Driving Viewers to What They Want

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Gates: love 'em or hate 'em.

No, this isn't abouthim, but rather about
those entry points into the Internet space, also known as "portals." Are they
irrelevant doormats, or a friendly passageway into the interactive morass? As the Web's
portal frenzy continues, cable companies can find ideas about creating their own
digital-TV portals right in front of viewers' eyes.

"Viewsers" are an emerging hybrid of
video-watchers and interactive-channel-surfers dynamically involved in the TV-plus-Web
space. They crave options: knowing what's out there and having the ability to get to it
easily. Portals attract customers by offering one-stop access, then driving customers
through the doorway toward revenue-generating commerce sites.

These online front doors are fundamental in cable-modem
services, giving operators a way to steer customers to preferred sites and to pick up some
change in the process. For modem services, that big payday may wait until the number of
high-speed-access users is meaningful to advertisers, online merchants or content
packagers.

In the TV space, the portal might be the
"welcome" screen that has long been the holy grail of programmers: the first
thing that viewers see when they turn on the TV set. Whether it's simply a program-listing
guide, a channel directory or a customized roster of digital space, the video portal is a
huge opportunity.

It's one of the reasons behind the recent Gemstar/United
Video scuffle, although the term "portal" has not been used in that boisterous
battle. There's a vast revenue potential from channel promotions, or the ability to jump
directly to a specific program. As digital TV enables more on-demand programming
(including customized shopping or information), these video portals will offer even more
value.

Today's narrowly defined Web portals took some lumps at a
recent New York conference. The focus of that discussion was on the viability of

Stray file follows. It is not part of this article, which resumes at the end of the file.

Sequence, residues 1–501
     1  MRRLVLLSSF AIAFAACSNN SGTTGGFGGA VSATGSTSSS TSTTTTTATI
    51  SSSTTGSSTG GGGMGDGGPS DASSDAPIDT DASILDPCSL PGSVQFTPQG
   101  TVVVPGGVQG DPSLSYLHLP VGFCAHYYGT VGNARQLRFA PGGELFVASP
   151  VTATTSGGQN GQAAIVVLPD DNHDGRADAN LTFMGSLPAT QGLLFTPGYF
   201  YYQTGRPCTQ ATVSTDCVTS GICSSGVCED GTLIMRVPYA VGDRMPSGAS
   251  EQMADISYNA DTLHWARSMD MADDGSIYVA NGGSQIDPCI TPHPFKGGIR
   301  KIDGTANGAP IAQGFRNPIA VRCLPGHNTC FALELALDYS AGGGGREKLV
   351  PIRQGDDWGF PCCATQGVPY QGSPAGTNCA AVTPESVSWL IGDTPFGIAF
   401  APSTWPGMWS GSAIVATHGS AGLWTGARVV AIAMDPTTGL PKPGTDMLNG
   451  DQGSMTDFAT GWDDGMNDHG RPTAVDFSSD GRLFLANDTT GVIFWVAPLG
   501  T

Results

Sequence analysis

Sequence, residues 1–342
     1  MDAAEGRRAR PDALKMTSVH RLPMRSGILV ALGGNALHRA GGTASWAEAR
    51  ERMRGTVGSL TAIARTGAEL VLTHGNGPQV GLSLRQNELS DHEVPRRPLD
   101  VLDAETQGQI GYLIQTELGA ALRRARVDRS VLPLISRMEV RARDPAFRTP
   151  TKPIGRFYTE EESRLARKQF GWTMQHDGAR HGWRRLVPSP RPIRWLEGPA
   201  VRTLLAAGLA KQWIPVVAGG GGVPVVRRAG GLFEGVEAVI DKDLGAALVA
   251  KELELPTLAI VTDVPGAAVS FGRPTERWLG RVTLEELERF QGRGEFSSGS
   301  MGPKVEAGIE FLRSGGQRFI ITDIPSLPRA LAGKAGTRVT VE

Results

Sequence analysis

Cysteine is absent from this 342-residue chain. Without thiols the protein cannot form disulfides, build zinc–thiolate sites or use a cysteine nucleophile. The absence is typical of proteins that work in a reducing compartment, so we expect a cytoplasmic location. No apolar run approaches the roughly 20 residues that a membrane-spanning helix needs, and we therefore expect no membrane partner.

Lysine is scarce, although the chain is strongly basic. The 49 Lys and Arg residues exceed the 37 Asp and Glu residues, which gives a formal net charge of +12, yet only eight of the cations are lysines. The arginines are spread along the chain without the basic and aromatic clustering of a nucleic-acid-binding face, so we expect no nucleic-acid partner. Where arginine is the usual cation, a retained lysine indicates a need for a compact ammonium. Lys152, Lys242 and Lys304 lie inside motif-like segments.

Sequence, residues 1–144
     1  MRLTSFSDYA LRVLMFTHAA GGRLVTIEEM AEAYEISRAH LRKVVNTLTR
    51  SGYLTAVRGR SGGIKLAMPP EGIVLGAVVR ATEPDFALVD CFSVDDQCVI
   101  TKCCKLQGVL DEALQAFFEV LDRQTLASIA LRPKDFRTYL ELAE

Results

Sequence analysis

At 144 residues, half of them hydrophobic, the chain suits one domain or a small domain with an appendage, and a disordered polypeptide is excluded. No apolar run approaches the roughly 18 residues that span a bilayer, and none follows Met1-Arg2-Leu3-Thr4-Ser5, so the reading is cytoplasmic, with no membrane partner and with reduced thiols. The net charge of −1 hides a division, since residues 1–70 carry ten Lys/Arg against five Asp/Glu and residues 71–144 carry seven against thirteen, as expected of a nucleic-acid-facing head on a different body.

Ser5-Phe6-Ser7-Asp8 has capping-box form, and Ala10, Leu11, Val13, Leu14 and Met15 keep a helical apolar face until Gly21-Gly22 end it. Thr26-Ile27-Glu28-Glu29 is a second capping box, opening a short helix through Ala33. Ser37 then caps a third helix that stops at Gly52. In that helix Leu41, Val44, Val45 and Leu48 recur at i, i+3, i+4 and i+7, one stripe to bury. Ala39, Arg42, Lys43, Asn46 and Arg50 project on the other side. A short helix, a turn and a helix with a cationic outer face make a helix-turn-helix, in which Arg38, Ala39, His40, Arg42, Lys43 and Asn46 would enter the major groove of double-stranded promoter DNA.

sustaining countless portals that Web surfers can easily ignore. More pertinent, the
valuation of those Web portals has been wacky.

But the underlying portal concept itself has proven
immensely attractive. It's responsible, in large part, for NBC's investment in CNET, a
computer-oriented online site and video program that established a portal called Snap!
last year. America Online itself is at root a proprietary portal service, offering a
one-stop entry point to nearly two-dozen categories of content.

Equally important, America Online's Web portal, AOL.com,
attracts 22 million unique users per month, second only to Yahoo's 30 million visitors at
its portal. By some measures, portals account for 15 percent of Internet page views today,
but nearly 60 percent of ad revenues, underscoring the importance of aggregating those
eyeballs.

Outlooks vary widely. One forecaster expects Web portals to
expand by 2002, attracting 20 percent of page views, but the forecaster thinks their
ad-revenue share will halve, to only about 30 percent of presumably a much bigger pool.
Another seer expects that more than 50 percent of commerce revenues will go through the
surviving portals by 2002.

No one envisions that portals will disappear.

During this unpredictable growth spurt, portals are
offering an ad hoc mixture of material -- often anything that they can get their hands on.
News, horoscopes, e-mail and plenty of advertising are painted on the portals. Lycos'
portal includes an option that blocks access to adults-only content sites -- a feature
that could be adapted for video portals. Given the search-engine roots of Excite, Yahoo,
Infoseek (or "Infosqueak," as we call it since the Disney investment) and
several others, it's not surprising that search capability is built into their portals.

That's another reminder that portals don't deprive users of
their ability to go directly to their preferred sites. Rather, they give confused and
time-pressed neophytes access to a comprehensive package of interactive material.

Video portals will inevitably offer the same options. Just
as personalized portals, such as MyYahoo, allow customers to customize their entry gate,
broadband-digital portals could offer such options.

Savvy packagers can also take some lessons from today's
Web-portal developers. For example, AOL, playing its usual game of having it both ways,
snagged Barnes & Noble as the "exclusive" bookseller (for a reported $40
million for four years) on the Web's AOL.com portal. Meanwhile, rival Amazon.com is the
"exclusive" book vendor on AOL's proprietary front page.

Maybe $40 million is today's magic number: That's also the
figure bandied about for Citicorp's payment to Netscape to be the exclusive sponsor of the
financial channel on the Netcenter portal.

That should give digital-TV packagers a benchmark and
incentive.

Some analysts categorize portals as the latest Internet
concept du jour, soon to be overrun by the next faddish scheme for generating revenue.
What they overlook is the value of consolidation and simplicity, as seen by viewers (or
viewsers). The bonus to the portal operators is that advertisers will pay to bring those
customers further into the system.

Portals offer a prepackaged way for customers to find what
they want, simply. Today's lessons from the Web should encourage broadband developers to
capitalize on this front-door experience, and not just wait to pass that gate when they
get to it.

I-Way Patrol columnist Gary Arlen has, on numerous social
occasions, been shown the front portal.

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